The oldest written document of a treaty found so far was between the Akkadian Naram-Sin and an Elamite king about 43 centuries ago. Much of what is known about Elamite civilization comes to us from Sumerian, Babylonian and Assyrian records. The cities of Susa and Anshan were important links for trade and communication between Mesopotamia and the Harrapan cultures of the Indus valley.
Comprehensive Code of Rules, Reliable currency, Postal services, Freedom of religions, flourishing Art and Architecture, were among the great achievements of Achaemenians.
A major turning point in Iranian History occurred in seventh AD by the Arab conquest. New religion and script were introduced as the influence of Islam revolutionized Iranian art. Characteristics of Iranian costume emerged in new and complex forms.
Umayyad Period 661-750
In the seventh to mid-eight century non Iranian Umayyad Muslim Caliphs ruled initially form Medina (Saudi Arabia) then from Damascus Syria.
Abbasid Period 750-1040
Abbasids were another non-Iranian Dynasty after overthrow of Umayyad Dynasty and acted as the leaders of Islam, both religiously and politically. Although then authority was rejected by some, Abbasids were centered in Baghdad on the Tigrus, encouraging the development of science and philosophy as well as poetry and prose, art, and architecture.
Saljuq Period 1040-1256
The Mongols sacked Baghdad and killed the last Caliph of the line; put an end to Abbasid Caliphate.
Saljuqs were a Turkmen tribe of central Asia that Converted to Sunni Islam and migrated to Iran in eleventh century. Saljuqs were ruling from Isfahan. Their rulers titled by Baghdad Caliphate Sultans were Patrons of the Persian literature who founded many monuments and colleges to train future administrators with Sunni doctrine in accordance.
Son of Genghis Khan, Hulaqu Khan founded the Ilkhanid Dynasty after capturing Baghdad and all of Iran. The Ilkhanids reunited the region as a political and territorial entity after centuries of fragmented rule by local dynasties.
Timurid Period 1383-1501
Tamerlane the Turkic conqueror founded Timurid Dynasty with its Capital at Samarghand enriching the city and surrounding regions building many spectacular palaces and mosques. The Goharshad Mosque in Mashhad is one of the greatest examples of Timurid arts.
During fifteenth century several families and tribes, mostly of Turkic origin ruled over various parts of Iran. Among them the Safavids headed by a militant Sufi order founded by Sheikh Safi of Ardebil. Safavids conquered Tabriz and then the rest of Iran. In 1501 Ismail I proclaiming himself Shah marked the beginning of Safavid Dynasty. Ismail embraced Jafari Shia Islam as the state religion.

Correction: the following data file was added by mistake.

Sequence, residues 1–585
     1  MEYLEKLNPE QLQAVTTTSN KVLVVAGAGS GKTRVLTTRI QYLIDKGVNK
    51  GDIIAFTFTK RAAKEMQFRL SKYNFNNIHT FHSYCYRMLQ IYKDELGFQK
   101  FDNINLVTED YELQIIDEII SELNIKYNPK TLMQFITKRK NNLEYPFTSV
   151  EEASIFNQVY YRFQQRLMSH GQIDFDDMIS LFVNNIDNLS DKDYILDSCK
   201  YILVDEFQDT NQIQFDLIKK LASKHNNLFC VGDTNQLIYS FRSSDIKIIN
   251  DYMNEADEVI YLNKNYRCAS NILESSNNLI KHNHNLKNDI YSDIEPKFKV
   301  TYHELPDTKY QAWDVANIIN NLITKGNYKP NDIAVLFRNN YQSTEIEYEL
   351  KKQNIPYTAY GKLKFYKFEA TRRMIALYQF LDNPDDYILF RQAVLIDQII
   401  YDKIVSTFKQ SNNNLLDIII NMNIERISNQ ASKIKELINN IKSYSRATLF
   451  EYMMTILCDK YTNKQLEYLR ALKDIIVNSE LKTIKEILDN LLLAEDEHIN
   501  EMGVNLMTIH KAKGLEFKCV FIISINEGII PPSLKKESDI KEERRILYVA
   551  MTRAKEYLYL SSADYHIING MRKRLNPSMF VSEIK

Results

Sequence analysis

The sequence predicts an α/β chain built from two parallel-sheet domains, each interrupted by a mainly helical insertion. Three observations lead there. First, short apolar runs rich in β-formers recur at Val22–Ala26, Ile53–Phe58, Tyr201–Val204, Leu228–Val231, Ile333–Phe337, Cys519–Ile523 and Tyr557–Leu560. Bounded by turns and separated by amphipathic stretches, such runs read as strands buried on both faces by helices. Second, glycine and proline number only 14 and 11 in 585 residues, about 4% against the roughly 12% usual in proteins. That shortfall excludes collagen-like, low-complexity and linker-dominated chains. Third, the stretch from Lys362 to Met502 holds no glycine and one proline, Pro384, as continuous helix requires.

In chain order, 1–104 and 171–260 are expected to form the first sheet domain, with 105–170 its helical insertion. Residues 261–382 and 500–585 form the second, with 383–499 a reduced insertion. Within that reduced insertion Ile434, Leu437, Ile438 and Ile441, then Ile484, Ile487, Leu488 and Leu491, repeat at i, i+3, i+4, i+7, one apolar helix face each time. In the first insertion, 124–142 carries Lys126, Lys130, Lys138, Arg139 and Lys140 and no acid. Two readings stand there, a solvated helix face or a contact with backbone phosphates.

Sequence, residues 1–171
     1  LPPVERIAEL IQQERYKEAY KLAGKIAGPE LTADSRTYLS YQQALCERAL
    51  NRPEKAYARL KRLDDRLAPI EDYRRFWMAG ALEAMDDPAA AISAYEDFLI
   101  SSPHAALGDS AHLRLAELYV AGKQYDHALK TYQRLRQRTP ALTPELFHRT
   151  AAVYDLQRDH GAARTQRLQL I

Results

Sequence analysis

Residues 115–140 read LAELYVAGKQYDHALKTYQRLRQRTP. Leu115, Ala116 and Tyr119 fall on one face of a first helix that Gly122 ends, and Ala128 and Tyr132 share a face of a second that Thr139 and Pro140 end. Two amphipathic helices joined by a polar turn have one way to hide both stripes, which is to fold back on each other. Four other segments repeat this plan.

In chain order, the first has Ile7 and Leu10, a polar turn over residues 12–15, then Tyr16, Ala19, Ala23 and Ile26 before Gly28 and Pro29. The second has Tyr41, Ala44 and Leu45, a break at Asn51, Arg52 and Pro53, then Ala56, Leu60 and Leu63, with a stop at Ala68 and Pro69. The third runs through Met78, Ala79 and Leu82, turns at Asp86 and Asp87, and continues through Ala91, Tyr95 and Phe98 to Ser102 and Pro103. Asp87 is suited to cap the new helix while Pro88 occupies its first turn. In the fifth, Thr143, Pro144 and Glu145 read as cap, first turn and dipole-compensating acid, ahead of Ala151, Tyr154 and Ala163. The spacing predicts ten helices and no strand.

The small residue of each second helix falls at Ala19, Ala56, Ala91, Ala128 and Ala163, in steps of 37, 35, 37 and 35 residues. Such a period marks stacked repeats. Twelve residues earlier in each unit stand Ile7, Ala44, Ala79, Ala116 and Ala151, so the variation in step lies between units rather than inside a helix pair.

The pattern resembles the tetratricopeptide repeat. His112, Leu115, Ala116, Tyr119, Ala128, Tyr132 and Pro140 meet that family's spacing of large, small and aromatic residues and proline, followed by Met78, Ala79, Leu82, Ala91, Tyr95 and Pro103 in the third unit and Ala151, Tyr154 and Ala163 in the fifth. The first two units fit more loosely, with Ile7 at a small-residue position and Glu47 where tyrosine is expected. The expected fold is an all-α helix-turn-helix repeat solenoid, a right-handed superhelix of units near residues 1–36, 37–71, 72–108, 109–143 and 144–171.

Shah Abbas the Safavid moved Safavids capital to Isfahan and made great contributions to education, commerce, urban development and architectural beauty of Persia. In time of Safavids the Ottomans were the biggest threat in the north western boarders and the Uzbeks were invading from north. One of the most important battles was with Afghans having them utterly defeated in a series of brilliant victories.
Nadir founded the next Dynasty. First he tried to restore the safavids but the successors showed no merit, therefore he started a new Dynasty called Afsharids, named after the Turkish tribe which he belonged.
Nadir defeated rebellions in Iranian territories and won a glorious battle against the Mughal kings of India bringing back home the fabulous Peacock throne and two precious diamonds, sea of light and mountain of light. It is displayed in collection a treasury of Nadir (Which is maintained in National Jewels of Tehran). Nadir in his last years was ruthless and harsh therefore he was assassinated by one of his own troops. Following his death, Karim Khan Zand, the ruler of southern Iran, consolidated his power and founded Shiraz as the capital in mid eighteenth century. Karim Khan entitled himself Vakilo Roaya and was advocate of the peasants for his morality and good ethics. He made urban developments in his capital, Shiraz which today can be observed in Vakil complex.
After death of Karim Khan Zand in the late eighteenth century, a leader of the Turkmen Qajar tribe, Agha Mohammad Khan reunified Iran under a new Dynasty. During the time of Qajaris western science, technology and educational methods were introduced. Many wars happen between Qajars and Russians and as a result the Kingdom of Persia lost some of its north western boarders including today’s Georgia, Armenia and Azerbaijan.
Pahlavi Period 1925-1975
From 1925 Pahlavi Dynasty, the last Iranian Kingdom dynasty was founded by Reza Khan, an Iranian army officer of the last Qajar King. Reza Khan and his Son Mohammad Reza, the last King of Iran rushed into modernization and radical reforms which later caused their decline in the late 1970s.
Massive demonstrations and strikes against the court of Pahlavi with leadership of Imam Khomeini in exile and other parties succeeded the revolution in 1979 and people voted for Islamic Republic.
In early years of Islamic Republic of Iran, the country was invaded by its neighbor, Iraq which last for eight years. After Iran-Iraq war national efforts led Iranian society to industrial and commercial development to make modern contemporary Iran which welcomes you to visit.